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Why OOP sucks.

GigsVT GigsVT writes  |  more than 7 years ago

I know what you are thinking, "How can you pick just one reason why OO sucks?". Well, let me preface this by saying: this is just one of many reasons. It just happens to be the one I'm think about today.

OO assumes the programmer can design well right from the start, yet lures the beginning programmer into thinking they are making meaningful abstractions, when in reality their code is crappy and poorly abstracted.

Early "optimization" of abstraction can lead to serious problems. By forcing guesswork abstraction into the initial design, OO causes this premature optimization of abstraction. This causes more refactoring later on, or more commonly, the code just grows unmaintainable as the classes and methods become less and less meaningful.

In an ideal world we could draw nice charts and then code them into the computer and everything would be planned and would work. Unfortunately for non-programmers that want a piece of the pie pretending to be a "software designer", it doesn't work that way.

Software development is a best realized as highly iterative process, with a tight loop. OO discourages this good design by forcing abstractions before they can be meaningfully made.

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Europe's slide toward fascism.

GigsVT GigsVT writes  |  more than 7 years ago

NPR is running a story about how many countries in Europe are "moving to the right".

Surely it is to the "right" but more specifically, it's moving toward fascism. NPR, with their neo-liberal leanings, wants to frame this stuff as "right wing" when it's clearly the beginnings of fascism.

The uniting force in this movement is a hate for Islam, a fear of Muslims that are immigrating to these countries.

What is interesting is that it is the most socialist countries that are moving this way. This reaffirms the theory that neo-liberalism inevitably leads to socialism, and socialism inevitably leads to fascism.

The logic of the voters confirms what many Libertarian (or classical liberals) have said all along. They interviewed one former socialist voter from France. She said (paraphrased) "The government needs to do something about these immigrants, I don't like this guy but I'm going to vote for him anyway because he'll clean up the country".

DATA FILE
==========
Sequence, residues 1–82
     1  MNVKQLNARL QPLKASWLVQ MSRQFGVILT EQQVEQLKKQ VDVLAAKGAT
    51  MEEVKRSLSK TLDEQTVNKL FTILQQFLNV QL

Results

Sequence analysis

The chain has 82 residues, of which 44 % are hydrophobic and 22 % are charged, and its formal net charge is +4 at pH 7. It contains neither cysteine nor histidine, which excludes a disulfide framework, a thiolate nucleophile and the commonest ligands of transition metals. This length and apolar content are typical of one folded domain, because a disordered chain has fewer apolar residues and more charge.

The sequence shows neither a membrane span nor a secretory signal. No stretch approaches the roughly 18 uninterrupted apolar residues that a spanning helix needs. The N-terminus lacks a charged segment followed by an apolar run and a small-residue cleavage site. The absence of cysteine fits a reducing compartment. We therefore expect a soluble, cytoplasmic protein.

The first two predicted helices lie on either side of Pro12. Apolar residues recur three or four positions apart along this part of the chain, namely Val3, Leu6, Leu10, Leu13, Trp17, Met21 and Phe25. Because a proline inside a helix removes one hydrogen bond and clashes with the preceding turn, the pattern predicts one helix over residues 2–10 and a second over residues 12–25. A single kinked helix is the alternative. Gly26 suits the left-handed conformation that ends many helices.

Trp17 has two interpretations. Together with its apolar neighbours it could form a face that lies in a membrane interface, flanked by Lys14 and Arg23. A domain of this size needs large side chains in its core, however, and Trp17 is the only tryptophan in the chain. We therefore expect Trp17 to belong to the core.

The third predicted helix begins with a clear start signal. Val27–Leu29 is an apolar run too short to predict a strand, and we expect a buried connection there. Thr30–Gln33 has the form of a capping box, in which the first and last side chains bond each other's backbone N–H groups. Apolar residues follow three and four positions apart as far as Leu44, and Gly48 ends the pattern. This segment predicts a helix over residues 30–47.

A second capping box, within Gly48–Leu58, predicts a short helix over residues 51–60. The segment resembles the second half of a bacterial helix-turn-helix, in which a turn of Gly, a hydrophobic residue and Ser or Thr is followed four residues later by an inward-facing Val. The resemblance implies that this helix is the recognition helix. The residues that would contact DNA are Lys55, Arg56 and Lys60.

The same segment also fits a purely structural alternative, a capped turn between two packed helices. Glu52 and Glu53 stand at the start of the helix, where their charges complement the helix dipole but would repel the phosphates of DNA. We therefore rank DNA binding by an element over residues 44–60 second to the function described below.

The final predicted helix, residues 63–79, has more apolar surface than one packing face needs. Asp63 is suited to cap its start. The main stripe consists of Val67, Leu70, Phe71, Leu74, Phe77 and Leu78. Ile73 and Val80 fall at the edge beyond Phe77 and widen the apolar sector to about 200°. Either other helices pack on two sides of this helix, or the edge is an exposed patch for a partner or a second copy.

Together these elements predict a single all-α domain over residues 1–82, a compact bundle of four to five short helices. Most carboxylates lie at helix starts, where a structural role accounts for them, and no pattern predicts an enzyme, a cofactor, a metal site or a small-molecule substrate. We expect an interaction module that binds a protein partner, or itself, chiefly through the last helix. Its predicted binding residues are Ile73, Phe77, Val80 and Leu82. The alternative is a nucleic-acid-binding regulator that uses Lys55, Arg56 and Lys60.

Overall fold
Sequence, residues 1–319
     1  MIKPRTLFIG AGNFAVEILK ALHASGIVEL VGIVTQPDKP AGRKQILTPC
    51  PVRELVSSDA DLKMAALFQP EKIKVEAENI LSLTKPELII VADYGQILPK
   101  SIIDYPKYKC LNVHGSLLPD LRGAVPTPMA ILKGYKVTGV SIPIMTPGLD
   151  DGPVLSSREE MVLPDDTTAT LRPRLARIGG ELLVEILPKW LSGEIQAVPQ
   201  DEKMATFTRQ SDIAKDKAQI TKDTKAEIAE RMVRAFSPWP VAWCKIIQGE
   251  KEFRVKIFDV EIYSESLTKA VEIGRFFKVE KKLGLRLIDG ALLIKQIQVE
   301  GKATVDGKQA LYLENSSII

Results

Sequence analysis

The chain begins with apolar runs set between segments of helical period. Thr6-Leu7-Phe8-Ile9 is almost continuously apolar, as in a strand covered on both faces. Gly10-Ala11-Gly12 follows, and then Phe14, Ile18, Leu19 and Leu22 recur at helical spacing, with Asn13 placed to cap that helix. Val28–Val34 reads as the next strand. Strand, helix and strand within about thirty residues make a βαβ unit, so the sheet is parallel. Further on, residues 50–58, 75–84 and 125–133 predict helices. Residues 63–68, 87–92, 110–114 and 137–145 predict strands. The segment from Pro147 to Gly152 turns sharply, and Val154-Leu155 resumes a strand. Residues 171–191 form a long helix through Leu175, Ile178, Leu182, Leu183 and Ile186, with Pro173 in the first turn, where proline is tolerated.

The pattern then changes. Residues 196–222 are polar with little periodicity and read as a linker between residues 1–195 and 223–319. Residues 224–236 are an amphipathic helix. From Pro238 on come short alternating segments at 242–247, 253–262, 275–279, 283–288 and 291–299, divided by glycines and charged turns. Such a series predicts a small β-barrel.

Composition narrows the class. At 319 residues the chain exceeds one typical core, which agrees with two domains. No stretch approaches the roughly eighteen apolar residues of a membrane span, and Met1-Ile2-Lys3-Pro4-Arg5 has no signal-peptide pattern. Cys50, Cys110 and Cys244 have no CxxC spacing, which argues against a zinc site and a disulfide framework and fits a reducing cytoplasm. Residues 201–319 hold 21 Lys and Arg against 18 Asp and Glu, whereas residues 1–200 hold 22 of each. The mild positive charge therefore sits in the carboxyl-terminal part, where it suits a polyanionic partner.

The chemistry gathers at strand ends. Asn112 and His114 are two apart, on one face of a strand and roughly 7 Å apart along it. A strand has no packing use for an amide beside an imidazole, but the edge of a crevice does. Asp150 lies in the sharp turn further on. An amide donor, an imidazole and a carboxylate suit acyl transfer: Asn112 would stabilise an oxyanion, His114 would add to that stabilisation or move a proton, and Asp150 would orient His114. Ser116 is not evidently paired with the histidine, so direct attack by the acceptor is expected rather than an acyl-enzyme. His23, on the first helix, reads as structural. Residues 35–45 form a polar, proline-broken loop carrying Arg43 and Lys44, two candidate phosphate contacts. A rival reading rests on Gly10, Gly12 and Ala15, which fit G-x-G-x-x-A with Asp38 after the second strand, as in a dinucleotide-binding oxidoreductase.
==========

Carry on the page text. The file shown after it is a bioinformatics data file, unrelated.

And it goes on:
The slide of socialism to fascism is a logical one. If the government is providing lots of services to the residents of the country, then every immigrant becomes an issue of national concern. Every immigrant is a potential leech on the fruits of "my" labor. No one can be free because everyone has to be accountable to everyone else. When things go bad, this transfer of wealth breeds hate, hate against any identifiable group that has immigrated and can become the scape goat.

The only solution is to let people control the fruits of their own labor. Socialists want to make everyone interdependent, "as long as those dirty Muslims aren't getting any of my money". Freedom can never coexist with a system of coerced wealth transfer.

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Foamy-esqe rant.

GigsVT GigsVT writes  |  more than 7 years ago

It's Linden Lab, not Linden Labs. For every person that uses the incorrect name, I will kill one (1) cuddly kitten. That is all.

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The End of Second Life?

GigsVT GigsVT writes  |  more than 7 years ago

Over the weekend, Linden Lab announced price increases effective Wednesday for simulators (1 CPU that runs one simulator). The old price was $1250 + $195/month, the new price is $1650 + $295 a month. This steep increase with little warning has shocked many residents that were planning on buying simulators.

On top of all this, Linden Lab announced 150 simulators available at the old price would be put up for sale on Wednesday at 1PM, PST. When 1PM rolled around, there was the expected huge rush of orders, then Linden Lab announced that there was an unlimited supply at this price, available until the 15th. Many who bought islands based on the information that the availability was limited are very upset. It was also announced that the islands would be charged the new price on transfer, after the rush was over. Previously, users were assured the monthly payment would be locked in at the old price.

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UIDs hit 1 million

GigsVT GigsVT writes  |  more than 7 years ago

Doh. I had somewhat watched the UID numbers approaching 1 million, thinking I might try for the millionth account. Guess I missed that one. Looks like no one else remembered to try to grab it either, it looks like a normal account name.

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AOL Search Leak, belated

GigsVT GigsVT writes  |  more than 7 years ago

Looks like I'm behind the curve on this AOL Search leak story that broke last week. Been really busy.

This blog entry is the precise reason that "if you aren't doing anything wrong, you have nothing to be afraid of" is bullshit.